The answers provided to Does anyone know of a somewhat comprehensive plant database available online? didn't prove to be much useful for someone that is getting into vegetable gardening. The USDA's database contains information more suitable for identification/taxonomic purposes.

The best online source I was able to find was Dave's Garden. But it still lacks information on things like diseases, and more.

So I'm asking again for a concise database or encyclopedia/reference-book that gives summarized information on how to grow vegetables only, with things like necessary soil nutrients, diseases that can affect each variety, etc. I wish there were like a Wikipedia but for vegetables only, with one page for each plant... easy to lookup. It hasn't to be online; a big good tome would be suitable too. Note that I'm not asking here for basic gardening information (example: how to water plants)... I'm actually asking for "profiles" of vegetables.

Probably, if I didn't find one such reference after searching online, then perhaps there isn't one.


4 Answers 4


You could try PFAF - http://www.pfaf.org/user/default.aspx - Plants for a future, it's a volunteer site with (I think) university of Sheffield assistance - it's focus is permaculture/organics

One of the best dead tree sources is Vegetables by Roger Phillips & Martin Rix, Pan Garden Plants Series, published 1993.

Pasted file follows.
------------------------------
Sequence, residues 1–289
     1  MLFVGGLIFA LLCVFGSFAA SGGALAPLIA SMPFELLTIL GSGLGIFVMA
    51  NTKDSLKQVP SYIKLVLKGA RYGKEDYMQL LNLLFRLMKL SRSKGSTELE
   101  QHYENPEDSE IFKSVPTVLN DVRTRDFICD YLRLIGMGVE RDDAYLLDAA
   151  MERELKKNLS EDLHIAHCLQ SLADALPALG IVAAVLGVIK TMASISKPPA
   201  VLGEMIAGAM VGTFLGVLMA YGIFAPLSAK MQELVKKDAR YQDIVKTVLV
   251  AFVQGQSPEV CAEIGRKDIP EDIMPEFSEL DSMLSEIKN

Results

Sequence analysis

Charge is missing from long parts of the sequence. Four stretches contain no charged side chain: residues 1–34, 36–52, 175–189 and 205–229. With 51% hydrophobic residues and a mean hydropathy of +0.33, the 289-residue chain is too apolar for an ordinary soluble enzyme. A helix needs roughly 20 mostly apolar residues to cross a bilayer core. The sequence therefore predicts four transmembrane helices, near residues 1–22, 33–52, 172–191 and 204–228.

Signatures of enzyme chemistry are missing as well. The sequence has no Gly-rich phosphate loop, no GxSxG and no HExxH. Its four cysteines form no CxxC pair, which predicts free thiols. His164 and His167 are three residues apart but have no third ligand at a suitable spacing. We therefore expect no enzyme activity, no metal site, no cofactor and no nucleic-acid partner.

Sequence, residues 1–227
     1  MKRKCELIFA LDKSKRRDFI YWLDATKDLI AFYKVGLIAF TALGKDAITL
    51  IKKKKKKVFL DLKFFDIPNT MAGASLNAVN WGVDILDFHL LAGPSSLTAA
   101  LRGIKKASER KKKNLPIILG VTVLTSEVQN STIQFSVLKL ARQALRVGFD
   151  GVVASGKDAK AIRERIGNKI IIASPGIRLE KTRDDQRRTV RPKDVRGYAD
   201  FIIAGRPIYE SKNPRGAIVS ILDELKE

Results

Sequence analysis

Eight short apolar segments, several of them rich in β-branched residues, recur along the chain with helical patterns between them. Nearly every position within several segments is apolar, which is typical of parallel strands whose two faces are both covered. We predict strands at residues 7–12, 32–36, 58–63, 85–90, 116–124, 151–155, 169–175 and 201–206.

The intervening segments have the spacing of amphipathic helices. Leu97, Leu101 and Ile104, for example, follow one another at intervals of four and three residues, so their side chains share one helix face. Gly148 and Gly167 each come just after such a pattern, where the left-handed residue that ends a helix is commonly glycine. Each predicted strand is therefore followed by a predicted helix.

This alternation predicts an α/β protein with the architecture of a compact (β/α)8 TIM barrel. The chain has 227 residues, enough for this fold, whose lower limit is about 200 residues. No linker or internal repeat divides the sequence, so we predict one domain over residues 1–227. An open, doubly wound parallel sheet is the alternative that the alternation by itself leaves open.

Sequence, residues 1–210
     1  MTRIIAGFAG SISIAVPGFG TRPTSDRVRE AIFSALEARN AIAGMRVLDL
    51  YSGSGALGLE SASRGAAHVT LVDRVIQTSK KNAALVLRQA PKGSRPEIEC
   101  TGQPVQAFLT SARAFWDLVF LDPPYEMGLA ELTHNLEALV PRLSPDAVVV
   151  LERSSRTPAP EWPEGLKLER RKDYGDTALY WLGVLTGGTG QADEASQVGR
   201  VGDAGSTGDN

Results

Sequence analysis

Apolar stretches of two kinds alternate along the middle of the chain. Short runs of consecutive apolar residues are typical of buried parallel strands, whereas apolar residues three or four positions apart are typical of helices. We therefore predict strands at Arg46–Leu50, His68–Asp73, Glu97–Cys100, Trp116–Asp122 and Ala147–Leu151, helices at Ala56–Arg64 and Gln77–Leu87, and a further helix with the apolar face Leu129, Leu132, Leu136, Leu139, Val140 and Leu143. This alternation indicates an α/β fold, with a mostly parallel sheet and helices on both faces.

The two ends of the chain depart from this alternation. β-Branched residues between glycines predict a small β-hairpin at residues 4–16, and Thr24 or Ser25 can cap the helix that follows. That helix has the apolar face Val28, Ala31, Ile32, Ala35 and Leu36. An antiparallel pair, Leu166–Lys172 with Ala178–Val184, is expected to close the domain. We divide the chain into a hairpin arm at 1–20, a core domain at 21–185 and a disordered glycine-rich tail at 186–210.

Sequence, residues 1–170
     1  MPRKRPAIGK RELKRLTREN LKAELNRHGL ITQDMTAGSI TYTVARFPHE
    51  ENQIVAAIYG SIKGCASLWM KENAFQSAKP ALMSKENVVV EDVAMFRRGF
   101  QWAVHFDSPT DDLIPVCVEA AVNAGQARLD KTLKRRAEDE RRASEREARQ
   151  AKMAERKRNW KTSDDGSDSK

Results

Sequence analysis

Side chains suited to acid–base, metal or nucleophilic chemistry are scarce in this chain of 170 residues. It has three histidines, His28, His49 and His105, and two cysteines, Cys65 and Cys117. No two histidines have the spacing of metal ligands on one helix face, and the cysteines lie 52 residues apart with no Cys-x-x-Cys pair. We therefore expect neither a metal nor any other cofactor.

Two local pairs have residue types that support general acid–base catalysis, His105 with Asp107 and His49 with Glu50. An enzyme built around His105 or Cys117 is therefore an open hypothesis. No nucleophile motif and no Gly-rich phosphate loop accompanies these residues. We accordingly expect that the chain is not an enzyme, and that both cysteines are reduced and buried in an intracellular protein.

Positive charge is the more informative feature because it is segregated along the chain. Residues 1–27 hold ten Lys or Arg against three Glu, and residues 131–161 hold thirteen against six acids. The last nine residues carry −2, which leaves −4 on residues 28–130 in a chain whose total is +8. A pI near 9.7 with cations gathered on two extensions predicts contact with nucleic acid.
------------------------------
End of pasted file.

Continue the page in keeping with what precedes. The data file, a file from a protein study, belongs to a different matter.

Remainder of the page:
There's plenty of info out there but it would help to know roughly where you are (latitude and altitude would do)


If you are a developer you can check out https://github.com/damwhit/harvest_helper. I have a more well structured database of only 45 common vegetables. Would love it if folks would contribute to the repo and especially the database. Its built in Ruby on Rails and there is a json api as well if you visit http://harvesthelper.herokuapp.com/developers it will tell you how to access it.


Things that come to mind, but which still include things you evidently don't want to see:

Hortus Third (visit a copy at a library to decide if it's for you before spending money.) North American; includes but not limited to vegetables. No pictures, a few line drawings, buckets of text and assumes you know (or will spend the time to learn) the scientific terminology. Indeed, a tome.

Royal Horticultural Society Encyclopedia of Gardening - British, includes but not limited to vegetables, nice color pictures. Coverage variable/inconsistent, but a pleasanter winter read than the above.


My personal favorite in Tanya Denkla's A to Z Guide to Growing Organic Food:


This book is laid out by vegetable, with planting requirements and growing suggestions for each. It covers only common vegetable, though, and also covers fruits and herbs.

If you are looking for something more technical, you could also try John Jeavon's How to Grow More Vegetables Than You Ever Thought Possible:


Both cover only organic methods, but are excellent resources regardless.

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